70s Scary Books For Kids That Were Frightfully Good
The history of children’s books is long, with many twists and turns. So when we talk about them in the 1970s, we can’t discuss them in a bubble. The moment you try to generalize certain eras, you inevitably are focusing on certain parts of the world or certain titles while neglecting others.
That said, talking broadly about eras of time helps us make sense of the world, and our childhoods.
Scary kids books are not new, and they weren’t invented in the 1970s or 1980s, and certainly not in the 21st Century. A big reason why they aren’t new is because children’s tales were often used as cautionary tales. From Grimm’s fairy tales to Struwwelpeter, to scare children was one of the main mechanisms for learning. And that was more often than not the focus. Reading was not for enjoyment. Reading was for teaching children to be moral adults or to be safe children. And so having ugly witches or monsters as a consequence to immoral behavior was a common storytelling direction to take children’s books.
In the 20th Century it is common to discuss children’s literature as starting to take a “kids first” philosophy, where the children were the plucky protagonists and actually becoming the heroes of their own stories.
The 20th Century also became a time in which books were being published much cheaper and more affordable, with a huge impact in schools and specifically book order forms. “In 1948, a partnership with Pocket Books helped Scholastic revolutionize access to books and bring reading to the masses,” per NPR. “Teen Age Book Club (T.A.B.) specialized in books for children ages 13 to 18. Students could rip out the form on the last page of a classroom magazine and submit their order through their teacher.”
One could spend a long time going deep into the history of Scholastic and all the successful efforts to get children reading outside of assigned classroom materials. It’s notable here in order to understand what reading in the 1970s was like. School order forms were becoming the norm, and providing books that children actually wanted to read (and weren’t being forced to read) was a significant development that was still fairly new to many people.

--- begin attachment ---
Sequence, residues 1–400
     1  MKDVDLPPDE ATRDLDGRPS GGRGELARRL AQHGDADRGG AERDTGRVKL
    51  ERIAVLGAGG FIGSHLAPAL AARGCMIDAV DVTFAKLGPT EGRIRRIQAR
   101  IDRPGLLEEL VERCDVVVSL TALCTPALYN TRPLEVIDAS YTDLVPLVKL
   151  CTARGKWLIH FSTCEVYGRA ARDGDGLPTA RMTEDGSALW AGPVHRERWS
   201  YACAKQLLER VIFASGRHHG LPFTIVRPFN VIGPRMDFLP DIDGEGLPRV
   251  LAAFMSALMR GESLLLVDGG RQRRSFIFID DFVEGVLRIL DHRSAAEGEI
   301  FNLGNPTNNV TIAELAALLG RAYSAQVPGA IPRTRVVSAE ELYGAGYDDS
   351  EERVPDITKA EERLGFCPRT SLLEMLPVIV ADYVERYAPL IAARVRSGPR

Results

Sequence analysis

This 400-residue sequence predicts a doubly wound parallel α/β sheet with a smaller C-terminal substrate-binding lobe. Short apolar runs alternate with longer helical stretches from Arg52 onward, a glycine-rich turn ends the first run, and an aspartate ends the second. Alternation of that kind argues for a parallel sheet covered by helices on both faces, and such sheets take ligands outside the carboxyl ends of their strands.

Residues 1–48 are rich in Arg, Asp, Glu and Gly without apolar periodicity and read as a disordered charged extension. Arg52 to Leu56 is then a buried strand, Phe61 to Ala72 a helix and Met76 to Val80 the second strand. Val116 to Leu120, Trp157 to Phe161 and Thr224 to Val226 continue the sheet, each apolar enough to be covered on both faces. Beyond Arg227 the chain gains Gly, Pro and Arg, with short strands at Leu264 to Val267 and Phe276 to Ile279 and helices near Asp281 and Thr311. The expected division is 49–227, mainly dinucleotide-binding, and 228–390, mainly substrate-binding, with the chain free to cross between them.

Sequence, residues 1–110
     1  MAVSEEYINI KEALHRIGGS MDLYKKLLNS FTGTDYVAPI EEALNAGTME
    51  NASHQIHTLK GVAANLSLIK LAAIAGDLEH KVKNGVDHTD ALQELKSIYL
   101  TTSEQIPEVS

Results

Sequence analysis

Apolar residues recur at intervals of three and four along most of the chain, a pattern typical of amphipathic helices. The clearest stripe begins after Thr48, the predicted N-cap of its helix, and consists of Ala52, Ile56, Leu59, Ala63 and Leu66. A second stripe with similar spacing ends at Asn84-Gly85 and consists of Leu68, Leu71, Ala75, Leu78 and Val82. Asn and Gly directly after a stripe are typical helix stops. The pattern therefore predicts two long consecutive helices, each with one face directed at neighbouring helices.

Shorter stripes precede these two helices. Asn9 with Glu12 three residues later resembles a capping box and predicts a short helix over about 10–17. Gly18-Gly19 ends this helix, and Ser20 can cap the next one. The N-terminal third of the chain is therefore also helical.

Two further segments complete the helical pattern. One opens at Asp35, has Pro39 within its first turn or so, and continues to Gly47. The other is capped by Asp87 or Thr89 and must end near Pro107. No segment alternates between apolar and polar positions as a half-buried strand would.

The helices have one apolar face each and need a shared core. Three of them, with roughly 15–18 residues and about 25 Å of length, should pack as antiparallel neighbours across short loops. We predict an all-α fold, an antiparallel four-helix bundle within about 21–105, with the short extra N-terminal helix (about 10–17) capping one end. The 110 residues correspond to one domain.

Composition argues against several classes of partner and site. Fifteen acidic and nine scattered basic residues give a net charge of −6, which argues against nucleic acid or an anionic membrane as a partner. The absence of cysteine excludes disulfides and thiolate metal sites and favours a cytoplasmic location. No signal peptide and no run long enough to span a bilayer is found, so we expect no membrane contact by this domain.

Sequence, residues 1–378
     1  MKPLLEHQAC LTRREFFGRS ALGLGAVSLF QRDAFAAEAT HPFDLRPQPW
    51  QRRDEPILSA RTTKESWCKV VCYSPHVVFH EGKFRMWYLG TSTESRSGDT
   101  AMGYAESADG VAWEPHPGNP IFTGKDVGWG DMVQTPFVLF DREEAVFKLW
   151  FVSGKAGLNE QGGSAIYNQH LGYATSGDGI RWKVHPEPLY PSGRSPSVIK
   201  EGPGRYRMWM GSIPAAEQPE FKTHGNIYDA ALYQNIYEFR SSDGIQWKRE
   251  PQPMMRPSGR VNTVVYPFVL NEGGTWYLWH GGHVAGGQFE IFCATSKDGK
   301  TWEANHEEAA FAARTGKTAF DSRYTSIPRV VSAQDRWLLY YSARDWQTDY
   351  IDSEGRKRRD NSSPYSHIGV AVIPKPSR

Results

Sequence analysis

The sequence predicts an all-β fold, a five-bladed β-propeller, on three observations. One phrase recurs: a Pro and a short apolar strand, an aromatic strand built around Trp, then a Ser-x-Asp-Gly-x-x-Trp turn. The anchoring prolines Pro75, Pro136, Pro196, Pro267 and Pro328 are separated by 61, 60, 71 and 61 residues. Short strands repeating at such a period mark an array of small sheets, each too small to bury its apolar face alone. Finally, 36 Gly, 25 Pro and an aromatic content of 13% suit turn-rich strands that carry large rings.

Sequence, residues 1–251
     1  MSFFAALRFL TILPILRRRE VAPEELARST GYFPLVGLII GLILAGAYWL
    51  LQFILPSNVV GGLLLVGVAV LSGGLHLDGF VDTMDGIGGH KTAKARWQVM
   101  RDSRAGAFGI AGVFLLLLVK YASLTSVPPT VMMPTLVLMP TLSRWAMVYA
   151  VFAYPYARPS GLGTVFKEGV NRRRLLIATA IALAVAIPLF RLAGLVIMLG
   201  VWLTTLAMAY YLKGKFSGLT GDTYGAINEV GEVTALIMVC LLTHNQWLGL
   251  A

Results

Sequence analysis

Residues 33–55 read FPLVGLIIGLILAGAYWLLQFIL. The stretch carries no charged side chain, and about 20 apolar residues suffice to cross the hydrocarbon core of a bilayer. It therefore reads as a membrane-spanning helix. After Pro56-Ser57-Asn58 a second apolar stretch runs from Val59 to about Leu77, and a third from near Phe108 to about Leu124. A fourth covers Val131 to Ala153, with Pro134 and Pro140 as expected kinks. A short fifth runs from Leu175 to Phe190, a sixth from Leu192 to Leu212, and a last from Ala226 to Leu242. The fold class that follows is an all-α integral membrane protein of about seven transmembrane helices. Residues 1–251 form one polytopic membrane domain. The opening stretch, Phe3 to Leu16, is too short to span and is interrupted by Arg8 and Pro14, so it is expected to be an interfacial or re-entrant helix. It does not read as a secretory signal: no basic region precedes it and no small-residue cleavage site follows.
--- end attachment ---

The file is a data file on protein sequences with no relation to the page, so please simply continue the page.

Where do scary books for kids play into all of this? Well, as you can tell, children have been interested in scary stories for a very long time. And for many, they were finally getting them.
Scholastic and it’s Arrow Books dabbled in the 1960s and 1970s with books catering to children that featured all kinds of ghostly tales. From the Arrow Book of Ghost Stories (1965) to Vampires, Werewolves & Other Demons (1972) to the Arrow Book of Spooky Stories (1972) to Chilling Ghost Stories (1973) to 13 Ghostly Tales (1973). These were featured in TAB (Teen Age Book Club) and were marketed to kids starting in 7th Grade (though no doubt were often available to younger ages).
These wouldn’t be considered a cohesive series as other scary book collections later became. But the fact that these became a staple part of Scholastic and their book club and book order forms laid important groundwork for books to come. Some of the folk tales such as “Wait Til Martin Comes” and “The Golden Arm” can be found in these books and were later used in other collections such as Scary Stories to Tell in the Dark.
Maria Leach Books
A number of individual stories from those Scholastic books came from folklorist and noted author Maria Leach. And in her we possibly have one of the most pivotal figures in modern scary kids books. And you probably have never even heard of her!
Maria Leach was a noted scholar and folklorist, possibly most known for one of the most important textbooks on the topic, Funk & Wagnalls Standard Dictionary of Folklore, Mythology, and Legend. It was some years later that she published The Thing at the Foot of the Bed and Other Scary Tales (1959) for children, which had a healthy life and was reissued several times throughout the 1960s and 1970s. She went on to author other such collections for children such as Whistle in the Graveyard: Folktales to Chill Your Bones (1974).
It is Maria Leach’s interest in the scholarly pursuit of scary stories for children that likely influenced such authors as Alvin Schwartz, Ray Bradbury, and other nonfiction examples on this list. Even the categories she used in The Thing at the Foot of the Bed was quite similar to Scary Stories to Tell in the Dark, in which they are separated by “funny ones” and “scary ones” to help children be forewarned about the upcoming tales.
The Halloween Tree